Raul Jimenez just became a complete striker and we should all be scared

Raul Jimenez

Raul Jimenez is scoring more than he ever has before. But his phenomenal assist in Wolves’ win over Braga shows another side to his game.

In the early stages of the 2018–19 season, Jimenez still had a lot of convincing to do.

Arriving on loan from Benfica where he had struggled to make the starting XI over three difficult years, the Mexican striker veered from great to awful in his first few games for Wolves.

A debut goal against 10-man Everton was a good way to start, but his next three matches produced three blanks, culminating in a horror show against West Ham.

Played clean through by Matt Doherty, Jimenez tripped over the ball. Was this why he had struggled to score in Portugal? Was he just a bit crap?

These days, you don’t see much of that clumsy figure who threatened — albeit very briefly — to become a major flop at Molineux.

In fact, today’s Jimenez is one of the most reliable and complete forwards in the Premier League, a ‘traditional number nine’ who scores a bucketload of goals and acts as a focal point for Nuno Espirito Santo’s frighteningly well-organised side.

And this Jimenez very rarely trips over the ball.

Against Braga on Thursday, the in-form striker scored again, taking his tally for the season to 15 in all competitions. But it was his two assists — one for Doherty, another for Adama Traore — that best demonstrate what a complete player Jimenez has become.

As a heavily built striker of six foot three inches, you expect him to score headers. Delicate scooped passes, on the other hand, were never in his job description.

What’s the scoop?

Jimenez’s pass for Doherty was something else. Having already put his side ahead with a controlled header, the Mexican was clearly feeling confident.

But even the striker’s biggest admirer’s wouldn’t have expected the moment of magic he produced in the 33rd minute.

Collecting the ball midway into the Braga half, Jimenez used his strength and skill to hold off the defence before producing a pass that was more Cuauhtemoc Blanco than Steve Bull.

The striker saw the bursting run of Doherty and gently lifted the ball into a pocket of empty space beyond the helpless Braga defenders, leaving the wing-back unmarked and able to nod home.

This wasn’t just a brilliant piece of play from Jimenez. It was also a reminder of just how well Wolves are building upon the foundations of last season.

Striker hold-up play and attacking full-backs certainly aren’t new for the Midlands side — they’re integral features of their style of play — but rarely has the combination of the two been this thrilling.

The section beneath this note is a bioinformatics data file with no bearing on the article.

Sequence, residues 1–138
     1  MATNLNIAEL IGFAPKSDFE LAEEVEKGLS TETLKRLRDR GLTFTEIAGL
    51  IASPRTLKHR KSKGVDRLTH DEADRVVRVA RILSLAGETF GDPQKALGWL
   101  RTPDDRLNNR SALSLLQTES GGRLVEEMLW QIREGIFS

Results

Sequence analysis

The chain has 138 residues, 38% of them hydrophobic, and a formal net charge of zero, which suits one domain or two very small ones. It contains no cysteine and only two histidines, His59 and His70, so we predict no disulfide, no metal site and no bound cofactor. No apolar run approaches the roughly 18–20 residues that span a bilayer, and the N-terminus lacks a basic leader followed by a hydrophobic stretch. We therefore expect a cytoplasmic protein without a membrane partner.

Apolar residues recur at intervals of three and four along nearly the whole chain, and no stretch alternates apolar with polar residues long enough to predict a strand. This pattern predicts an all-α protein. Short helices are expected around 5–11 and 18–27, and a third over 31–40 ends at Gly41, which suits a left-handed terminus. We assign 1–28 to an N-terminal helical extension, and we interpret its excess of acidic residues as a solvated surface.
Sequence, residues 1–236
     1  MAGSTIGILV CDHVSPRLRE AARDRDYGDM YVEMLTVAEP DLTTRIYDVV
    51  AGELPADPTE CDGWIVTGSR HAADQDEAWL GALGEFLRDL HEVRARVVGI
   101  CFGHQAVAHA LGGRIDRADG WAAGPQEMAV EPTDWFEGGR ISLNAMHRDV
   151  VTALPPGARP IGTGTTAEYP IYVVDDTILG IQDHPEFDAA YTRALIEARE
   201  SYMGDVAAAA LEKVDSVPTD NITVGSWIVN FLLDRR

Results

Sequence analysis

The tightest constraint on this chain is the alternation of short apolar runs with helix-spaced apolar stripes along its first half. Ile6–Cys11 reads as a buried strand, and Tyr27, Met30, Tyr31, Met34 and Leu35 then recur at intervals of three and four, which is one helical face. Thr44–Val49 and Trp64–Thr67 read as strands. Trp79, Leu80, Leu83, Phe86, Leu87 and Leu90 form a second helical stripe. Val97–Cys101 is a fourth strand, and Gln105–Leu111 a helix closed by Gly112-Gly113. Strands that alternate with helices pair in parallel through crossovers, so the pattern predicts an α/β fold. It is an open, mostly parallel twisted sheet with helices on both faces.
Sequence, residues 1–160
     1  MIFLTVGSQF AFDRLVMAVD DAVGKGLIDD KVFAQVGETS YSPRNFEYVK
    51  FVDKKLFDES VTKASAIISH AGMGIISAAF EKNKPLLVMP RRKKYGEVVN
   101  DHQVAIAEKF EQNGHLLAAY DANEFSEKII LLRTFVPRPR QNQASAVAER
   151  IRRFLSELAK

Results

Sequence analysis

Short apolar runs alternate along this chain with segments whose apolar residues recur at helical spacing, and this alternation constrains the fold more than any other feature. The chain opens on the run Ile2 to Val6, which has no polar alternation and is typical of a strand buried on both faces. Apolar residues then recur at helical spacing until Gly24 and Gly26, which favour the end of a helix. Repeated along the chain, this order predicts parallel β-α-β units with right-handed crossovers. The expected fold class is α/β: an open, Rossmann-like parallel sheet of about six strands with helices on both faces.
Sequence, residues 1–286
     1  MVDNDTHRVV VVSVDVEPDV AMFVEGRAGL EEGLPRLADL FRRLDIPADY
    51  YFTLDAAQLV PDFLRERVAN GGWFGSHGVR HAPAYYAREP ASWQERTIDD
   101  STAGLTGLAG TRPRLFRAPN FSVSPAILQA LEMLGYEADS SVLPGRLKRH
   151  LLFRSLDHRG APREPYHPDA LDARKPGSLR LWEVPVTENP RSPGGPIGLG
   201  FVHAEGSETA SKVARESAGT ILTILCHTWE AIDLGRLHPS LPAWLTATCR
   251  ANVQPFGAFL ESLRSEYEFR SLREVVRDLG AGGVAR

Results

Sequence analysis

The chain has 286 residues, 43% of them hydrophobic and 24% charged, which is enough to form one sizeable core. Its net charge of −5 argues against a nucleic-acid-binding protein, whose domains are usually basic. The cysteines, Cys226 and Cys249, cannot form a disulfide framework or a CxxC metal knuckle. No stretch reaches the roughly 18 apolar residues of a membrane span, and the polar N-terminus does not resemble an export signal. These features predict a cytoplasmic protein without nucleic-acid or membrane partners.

In September 2018, Doherty and Jimenez produced comedy; against Braga they produced a thriller.

And Jimenez wasn’t done there. His ‘hat-trick’ of contributions was complete when he played in Adama Traore for Wolves’ third, collecting the ball on the edge of the centre circle before finding his teammate’s feet.

You can’t mark him; you can’t predict what he’ll do: wherever Jimenez goes, he causes havoc.


If Jimenez’s success proves anything, it’s that sometimes you just have to give a player time and trust them to come good.

After the first four matches of last season, many managers would have dropped Jimenez for his lack of goals. In fact, the actual Wolves manager might have considered it too — had the alternative been someone better than Leo Bonatini.

But Nuno stuck with Jimenez and saw him go from strength to strength.

For club and country, the striker now has 33 goals and 13 assists this calendar year, which is a frankly ridiculous tally for a player whose role is largely about bringing others into play.

His 15 goals in all competitions for Wolves this season is also the highest of any Premier League player — a stat warped by Wolves shooting very small fish in the Europa League qualifying barrel, but impressive nonetheless.

Last year, Jimenez was undroppable for both negative and positive reasons. He played all 38 of Wolves’ Premier League game, partly because there was no adequate deputy who could carry out his duties.

This year, he’s undroppable in the more widely used sense. Patrick Cutrone is an upgrade on Bonatini, but Jimenez is an absolutely critical part of this well-oiled Wolves machine.

If he can sustain form and fitness, he’ll be bloody hard to stop.

By Benedict O’Neill

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